Microsoft holographic display technology HoloLens 2 and cloud-powered Azure Mixed Reality Services are the pioneering digital tools that power the mixed reality experience at space technology company MDA’s DREAMR Lab.
When retired astronaut Tim Kopra first stepped into the world of mixed reality at the MDA DREAMR lab in Brampton, Ont. it almost took his breath away.
It gave me the sense that I was back on a spacewalk
Looking at pictures doesn’t prepare you for the scale of a spacewalk and the International Space Station (ISS) — which is about the length of a football field, he says. Kopra should know; he spent 244 days in space during two separate missions in 2009 and 2015–16 and performed three spacewalks during that time.
MDA, an international space mission partner and space technology company, developed the Dynamic Robotic Emulation and Mixed Reality (DREAMR) Lab with mixed reality technology that gives users that “wow factor.” The lab has two robot arms that simulate how objects react in zero gravity and combines them with mixed reality visuals of space hardware, like satellites. And with 3D virtual models of the space station and its robotic arms, the users also get a sense of scale and spatial understanding that helps them problem-solve quickly.
The DREAMR Lab team is using these models to train astronauts, flight controllers, and engineers to operate the robots on the space station for accomplishing complex tasks in zero gravity.
To enhance this experience, users can put on a Microsoft HoloLens 2 headset and see a mixed reality 3D model of the International Space Station. According to Kopra, the experience makes you feel like you’re really on the ISS with the Canadarm2.
“Training for a mission with HoloLens 2 gives people the insights to understand these very complex mechanisms. Not just how they operate, but how they move and react in space,” says Kopra, now Vice President of Robotics and Space Operations at MDA.
The mixed reality experience helps people understand how to control the robots to perform tasks like moving cargo vehicles, doing maintenance on the space station, and capturing and servicing satellites.
The realistic training also helps avoid mistakes on a mission. “If things were to go awry, then the consequences can be very dire,” explains Kopra. “We have to make sure that we don’t damage space station structure, for example. Or when we capture these hovering vehicles outside the space station that we successfully latch onto them.”Microsoft HoloLens 2 and cloud-powered Azure Mixed Reality Services are the pioneering technologies that power the mixed reality experience at MDA’s DREAMR Lab.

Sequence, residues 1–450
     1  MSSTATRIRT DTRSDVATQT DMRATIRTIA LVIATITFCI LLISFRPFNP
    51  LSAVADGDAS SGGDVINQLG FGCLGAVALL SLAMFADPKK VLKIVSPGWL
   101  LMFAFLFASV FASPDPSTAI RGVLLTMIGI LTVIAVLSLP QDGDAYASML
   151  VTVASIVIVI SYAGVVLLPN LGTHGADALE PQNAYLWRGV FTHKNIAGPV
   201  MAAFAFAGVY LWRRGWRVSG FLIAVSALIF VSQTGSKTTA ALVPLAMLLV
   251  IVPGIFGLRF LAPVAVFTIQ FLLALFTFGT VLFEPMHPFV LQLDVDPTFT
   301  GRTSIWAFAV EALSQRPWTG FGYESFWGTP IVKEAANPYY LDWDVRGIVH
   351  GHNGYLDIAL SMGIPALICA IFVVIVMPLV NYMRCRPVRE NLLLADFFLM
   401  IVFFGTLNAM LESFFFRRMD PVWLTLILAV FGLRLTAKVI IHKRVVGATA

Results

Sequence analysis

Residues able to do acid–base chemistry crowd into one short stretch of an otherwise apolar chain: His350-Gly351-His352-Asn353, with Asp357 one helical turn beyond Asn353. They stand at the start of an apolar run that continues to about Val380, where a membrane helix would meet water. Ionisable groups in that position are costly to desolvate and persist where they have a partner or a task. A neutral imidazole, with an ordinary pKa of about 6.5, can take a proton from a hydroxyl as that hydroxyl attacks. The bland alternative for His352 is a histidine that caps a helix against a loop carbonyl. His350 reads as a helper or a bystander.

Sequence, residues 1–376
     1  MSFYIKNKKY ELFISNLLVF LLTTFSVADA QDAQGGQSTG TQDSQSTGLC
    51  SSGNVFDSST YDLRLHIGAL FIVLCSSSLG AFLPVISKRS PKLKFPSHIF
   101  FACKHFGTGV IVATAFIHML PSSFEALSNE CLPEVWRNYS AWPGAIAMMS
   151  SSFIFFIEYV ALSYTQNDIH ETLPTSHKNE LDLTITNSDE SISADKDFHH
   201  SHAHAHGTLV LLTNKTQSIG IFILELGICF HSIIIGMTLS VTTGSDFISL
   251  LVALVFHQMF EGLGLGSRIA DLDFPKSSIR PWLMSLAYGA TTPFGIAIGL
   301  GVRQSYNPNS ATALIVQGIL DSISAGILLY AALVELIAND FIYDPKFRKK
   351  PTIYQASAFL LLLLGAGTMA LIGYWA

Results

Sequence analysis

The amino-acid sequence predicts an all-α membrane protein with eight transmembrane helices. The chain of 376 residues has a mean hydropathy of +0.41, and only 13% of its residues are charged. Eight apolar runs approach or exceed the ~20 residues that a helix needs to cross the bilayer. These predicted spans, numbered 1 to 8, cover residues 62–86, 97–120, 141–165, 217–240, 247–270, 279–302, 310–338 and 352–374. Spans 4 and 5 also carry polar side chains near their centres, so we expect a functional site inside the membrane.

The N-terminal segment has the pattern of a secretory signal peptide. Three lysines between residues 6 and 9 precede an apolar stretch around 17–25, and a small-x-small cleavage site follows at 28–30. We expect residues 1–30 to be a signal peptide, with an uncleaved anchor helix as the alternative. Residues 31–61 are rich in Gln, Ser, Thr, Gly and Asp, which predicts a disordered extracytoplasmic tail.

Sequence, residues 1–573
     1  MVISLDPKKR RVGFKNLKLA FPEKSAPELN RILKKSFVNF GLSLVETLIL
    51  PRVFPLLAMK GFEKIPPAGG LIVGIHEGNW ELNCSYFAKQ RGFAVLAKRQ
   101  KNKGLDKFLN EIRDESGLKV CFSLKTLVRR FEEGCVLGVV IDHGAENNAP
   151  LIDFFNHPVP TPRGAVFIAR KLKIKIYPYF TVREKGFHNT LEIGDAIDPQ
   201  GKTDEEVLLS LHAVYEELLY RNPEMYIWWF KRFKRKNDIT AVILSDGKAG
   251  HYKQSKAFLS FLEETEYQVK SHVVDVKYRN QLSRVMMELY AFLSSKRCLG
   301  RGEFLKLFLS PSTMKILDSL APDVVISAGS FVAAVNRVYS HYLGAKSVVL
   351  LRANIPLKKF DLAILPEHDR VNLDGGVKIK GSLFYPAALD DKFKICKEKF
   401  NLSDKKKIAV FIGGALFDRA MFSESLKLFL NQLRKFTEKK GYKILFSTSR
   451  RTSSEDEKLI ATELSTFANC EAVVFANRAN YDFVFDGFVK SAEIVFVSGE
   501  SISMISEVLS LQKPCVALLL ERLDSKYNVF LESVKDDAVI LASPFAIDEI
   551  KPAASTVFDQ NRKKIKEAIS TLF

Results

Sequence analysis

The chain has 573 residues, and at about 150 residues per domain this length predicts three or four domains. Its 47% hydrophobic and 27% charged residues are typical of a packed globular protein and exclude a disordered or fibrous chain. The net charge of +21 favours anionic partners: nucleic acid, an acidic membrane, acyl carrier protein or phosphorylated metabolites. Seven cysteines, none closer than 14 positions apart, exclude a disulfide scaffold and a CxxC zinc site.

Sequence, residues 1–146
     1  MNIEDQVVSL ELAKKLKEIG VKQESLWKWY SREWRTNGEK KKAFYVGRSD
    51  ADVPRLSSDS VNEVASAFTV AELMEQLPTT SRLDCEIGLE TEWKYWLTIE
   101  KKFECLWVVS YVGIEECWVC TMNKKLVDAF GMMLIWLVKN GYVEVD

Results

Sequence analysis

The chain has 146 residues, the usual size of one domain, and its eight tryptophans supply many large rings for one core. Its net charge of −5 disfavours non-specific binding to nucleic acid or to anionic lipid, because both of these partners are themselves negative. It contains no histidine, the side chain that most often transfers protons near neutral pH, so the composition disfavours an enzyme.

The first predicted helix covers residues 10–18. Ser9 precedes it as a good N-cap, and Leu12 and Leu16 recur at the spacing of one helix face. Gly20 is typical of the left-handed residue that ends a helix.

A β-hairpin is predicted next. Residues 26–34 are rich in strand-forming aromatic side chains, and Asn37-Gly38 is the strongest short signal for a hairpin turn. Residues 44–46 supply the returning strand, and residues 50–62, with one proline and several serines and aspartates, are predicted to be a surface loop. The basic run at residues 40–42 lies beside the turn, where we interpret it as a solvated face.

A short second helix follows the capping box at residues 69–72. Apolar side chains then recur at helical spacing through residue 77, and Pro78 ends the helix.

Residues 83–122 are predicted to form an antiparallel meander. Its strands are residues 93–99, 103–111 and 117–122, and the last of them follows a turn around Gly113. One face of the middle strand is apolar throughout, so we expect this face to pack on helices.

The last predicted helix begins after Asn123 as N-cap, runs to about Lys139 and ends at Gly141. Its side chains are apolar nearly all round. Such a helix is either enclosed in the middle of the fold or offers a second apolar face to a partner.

The mixed reality holographic display unit uses cloud-based 3D bookmarks called Azure Spatial Anchors to allow people to position holograms they’re viewing relative to real objects.
“When you’ve got different people in different rooms or different physical sites, the Azure Spatial Anchors are providing a frame of reference so people can collaborate along the same point,” explains Sean Graglia, Azure Mixed Reality Lead for Microsoft Canada.
Mixed reality also helps astronauts see inside the robots and other parts of the ISS they’re working on. That’s because HoloLens 2 allows users to virtually strip away the outside of large, complex pieces of machinery in the hologram to see the positioning and movement of the mechanisms inside.
HoloLens 2 and Azure are powerful tools well beyond this immersive astronaut training. They’re design tools, they enable data processing and visualization, and they enable real-time team collaboration in 3D.
They’re equally useful on Earth, with applications in many different areas, including healthcare, manufacturing, and education.
In Montreal, healthcare specialists are using this technology to provide remote consultation for people with Covid-19. In the U.S., medical students are using them to visualize human anatomy. In Japan, whiskey manufacturers are using them to train workers.
At the DREAMR Lab, engineers are also using it to visualize data in a meaningful way. They can feed real-time data from a robot arm into its 3D hologram so that viewers can view it in real-time, allowing them to see what’s happening and troubleshoot.
“To be able to have a visualization tool instead of looking at a bunch of numbers or static models in the process of trying to resolve a problem, to be able to see it in this three-dimensional context is really important,” says Kopra. “We all tend to be very visual learners.”
MDA is also using HoloLens 2 as a 3D design tool. “We see it as a virtual rapid prototyping capability, and we’ve used it to identify areas in which a design may have some shortcomings,” says Kopra. The virtual model allows the team to slice away layers of the machine and see where the mechanism might have gotten stuck, for example.
“It’s a really important engineering tool to identify and optimize solutions as we go through the building of different elements of the Canadarm3,” says Kopra. MDA’s Canadarm3 will be a key part of NASA’s planned Lunar Gateway space station around the Moon. Preparations are ramping up for the initial launch, set for 2024.
“Especially in the last several months, we’ve been able to see the benefit and excitement … from training astronauts and flight controllers,” says Kopra of the mixed reality technology.
“It’s really starting to take off.”This story was created by Content Works, Postmedia’s commercial content studio, on behalf of Microsoft Canada.
Foto: The DREAMR Lab team uses 3D models created with Microsoft HoloLens 2 to train astronauts, flight controllers, and engineers to operate the robots on the space station for accomplishing complex tasks in zero gravity. PHOTO BY SUPPLIED